You are here

Keyword: lidar

Where’s the Biomass? A New Approach for Quantifying Biomass and Carbon in the Western United States

Documents and Media Posted on: October 13, 2020
A brand-new Carbon Monitoring System (CMS) developed by RMRS researchers promises to be a valuable resource to support the U.S. Forest Service’s Shared Stewardship Initiative’s goals and policy makers calculating carbon budgets. Document Type: Other Documents

Improved maps of disturbance and recovery across the United States

Events Posted on: October 06, 2020
In this webinar, RMRS research ecologist Sean Healey will discuss improved techniques for mapping forest disturbance and recovery across the United States with remotely sensed data. 

Where’s the biomass? A new approach for quantifying biomass and carbon in the western United States

Events Posted on: October 06, 2020
In this webinar, RMRS research forester Andy Hudak will discuss the Carbon Monitoring System, which draws upon the power of computer modeling, LiDAR, field data, and aerial photography to map forest and woodland biomass.

The Global Ecosystem Dynamics Investigation: High-resolution laser ranging of the Earth’s forests and topography

Publications Posted on: July 02, 2020
Obtaining accurate and widespread measurements of the vertical structure of the Earth’s forests has been a long-sought goal for the ecological community. Such observations are critical for accurately assessing the existing biomass of forests, and how changes in this biomass caused by human activities or variations in climate may impact atmospheric CO2 concentrations.

Reconstruction of the disturbance history of a temperate coniferous forest through stand-level analysis of airborne LiDAR data

Publications Posted on: May 15, 2020
Spatially explicit information about stand-level Time Since the last stand-replacing Disturbance (TSD) is fundamental for modelling many forest ecosystem processes, but most of the current satellite remote sensing mapping approaches are based on change detection and time series analysis, and can detect only disturbances that have occurred since the start of the optical satellite data record.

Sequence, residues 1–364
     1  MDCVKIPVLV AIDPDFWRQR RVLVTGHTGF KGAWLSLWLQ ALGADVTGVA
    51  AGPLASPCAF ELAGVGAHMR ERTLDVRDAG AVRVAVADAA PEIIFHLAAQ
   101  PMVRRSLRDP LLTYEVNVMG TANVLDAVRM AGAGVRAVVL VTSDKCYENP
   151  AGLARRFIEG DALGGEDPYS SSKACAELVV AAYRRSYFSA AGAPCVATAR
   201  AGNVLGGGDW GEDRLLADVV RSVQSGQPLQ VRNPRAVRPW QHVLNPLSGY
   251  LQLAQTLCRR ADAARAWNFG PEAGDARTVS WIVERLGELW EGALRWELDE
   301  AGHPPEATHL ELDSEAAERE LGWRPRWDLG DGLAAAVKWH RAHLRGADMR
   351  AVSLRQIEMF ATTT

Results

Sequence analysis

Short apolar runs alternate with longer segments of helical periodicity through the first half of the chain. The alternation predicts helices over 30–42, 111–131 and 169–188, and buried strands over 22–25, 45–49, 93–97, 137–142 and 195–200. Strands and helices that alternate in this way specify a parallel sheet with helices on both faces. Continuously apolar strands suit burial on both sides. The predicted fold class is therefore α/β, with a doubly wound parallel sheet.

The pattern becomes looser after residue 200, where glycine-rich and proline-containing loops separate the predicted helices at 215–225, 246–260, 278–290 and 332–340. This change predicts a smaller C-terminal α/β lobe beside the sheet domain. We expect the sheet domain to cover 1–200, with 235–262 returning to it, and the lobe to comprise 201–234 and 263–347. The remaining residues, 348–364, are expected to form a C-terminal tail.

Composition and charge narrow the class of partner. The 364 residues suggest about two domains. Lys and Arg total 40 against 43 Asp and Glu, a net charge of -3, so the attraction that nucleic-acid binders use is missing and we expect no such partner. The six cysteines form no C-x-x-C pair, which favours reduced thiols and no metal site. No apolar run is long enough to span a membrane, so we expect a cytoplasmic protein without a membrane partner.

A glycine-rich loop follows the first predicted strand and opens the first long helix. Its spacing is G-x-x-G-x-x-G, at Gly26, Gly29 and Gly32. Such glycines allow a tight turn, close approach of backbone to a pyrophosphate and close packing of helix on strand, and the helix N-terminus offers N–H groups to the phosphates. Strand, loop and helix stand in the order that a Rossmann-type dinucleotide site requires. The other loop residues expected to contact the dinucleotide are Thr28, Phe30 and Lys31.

Carbon Monitoring System: Aboveground biomass estimates for the Pacific Northwest, Inland Northwest, and Great Basin

Tools Posted on: May 13, 2020
Calculating aboveground biomass in forests and woodlands from forest inventory plot measurements, LiDAR, aerial photography, or satellite imagery alone will not yield accurate estimates because each of these datasets have limitations in spatial coverage, temporal frequency, data collection methods or lack of quantifiable measurements.

Where’s the biomass? A new approach for quantifying biomass and carbon in the Western United States

Science Spotlights Posted on: May 08, 2020
The 2012 Forest Service Planning rule requires that National Forests incorporate into their forest management plans mitigation and adaptation strategies in response to climate change. The Carbon Monitoring System provides annual biomass maps spanning 2000-2016 that will be useful for developing carbon budgets for National Forests and identifying areas needing fuel treatments to reduce wildfire risk. The underlying foundation of this work is forest inventory and LiDAR data contributed by USFS managers and many other public and private stakeholders.

Fractal distribution of snow depth from LiDAR data

Publications Posted on: March 12, 2020
Snowpack properties vary dramatically over a wide range of spatial scales, from crystal microstructure to regional snow climates. The driving forces of wind, energy balance, and precipitation interact with topography and vegetation to dominate snow depth variability at horizontal scales from 1 to 1000 m.

The stability of mean wood specific gravity across stand age in US forests despite species turnover

Publications Posted on: September 14, 2019
Research Highlights: Estimates using measurements from a sample of approximately 132,000 field plots imply that while the species composition of US forests varies substantially across different age groups, the specific gravity of wood in those forests does not.

Statistical properties of hybrid estimators proposed for GEDI - NASA’s global ecosystem dynamics investigation

Publications Posted on: August 06, 2019
NASA’s Global Ecosystem Dynamics Investigation (GEDI) mission will collect waveform lidar data at a dense sample of ~25 m footprints along ground tracks paralleling the orbit of the International Space Station (ISS). GEDI’s primary science deliverable will be a 1 km grid of estimated mean aboveground biomass density (Mg ha-1), covering the latitudes overflown by ISS (51.6 ° S to 51.6 ° N).